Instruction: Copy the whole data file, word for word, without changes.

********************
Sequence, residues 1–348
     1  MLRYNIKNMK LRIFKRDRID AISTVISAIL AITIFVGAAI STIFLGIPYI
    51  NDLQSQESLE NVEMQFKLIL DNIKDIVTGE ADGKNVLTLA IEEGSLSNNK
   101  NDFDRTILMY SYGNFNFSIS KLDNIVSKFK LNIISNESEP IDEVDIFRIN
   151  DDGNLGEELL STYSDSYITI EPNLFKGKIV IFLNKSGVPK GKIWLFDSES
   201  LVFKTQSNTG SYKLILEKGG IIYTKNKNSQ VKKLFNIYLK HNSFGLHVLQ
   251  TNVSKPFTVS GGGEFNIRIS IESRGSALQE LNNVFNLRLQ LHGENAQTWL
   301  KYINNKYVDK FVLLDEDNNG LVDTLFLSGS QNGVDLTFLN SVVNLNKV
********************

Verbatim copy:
Sequence, residues 1–348
     1  MLRYNIKNMK LRIFKRDRID AISTVISAIL AITIFVGAAI STIFLGIPYI
    51  NDLQSQESLE NVEMQFKLIL DNIKDIVTGE ADGKNVLTLA IEEGSLSNNK
   101  NDFDRTILMY SYGNFNFSIS KLDNIVSKFK LNIISNESEP IDEVDIFRIN
   151  DDGNLGEELL STYSDSYITI EPNLFKGKIV IFLNKSGVPK GKIWLFDSES
   201  LVFKTQSNTG SYKLILEKGG IIYTKNKNSQ VKKLFNIYLK HNSFGLHVLQ
   251  TNVSKPFTVS GGGEFNIRIS IESRGSALQE LNNVFNLRLQ LHGENAQTWL
   301  KYINNKYVDK FVLLDEDNNG LVDTLFLSGS QNGVDLTFLN SVVNLNKV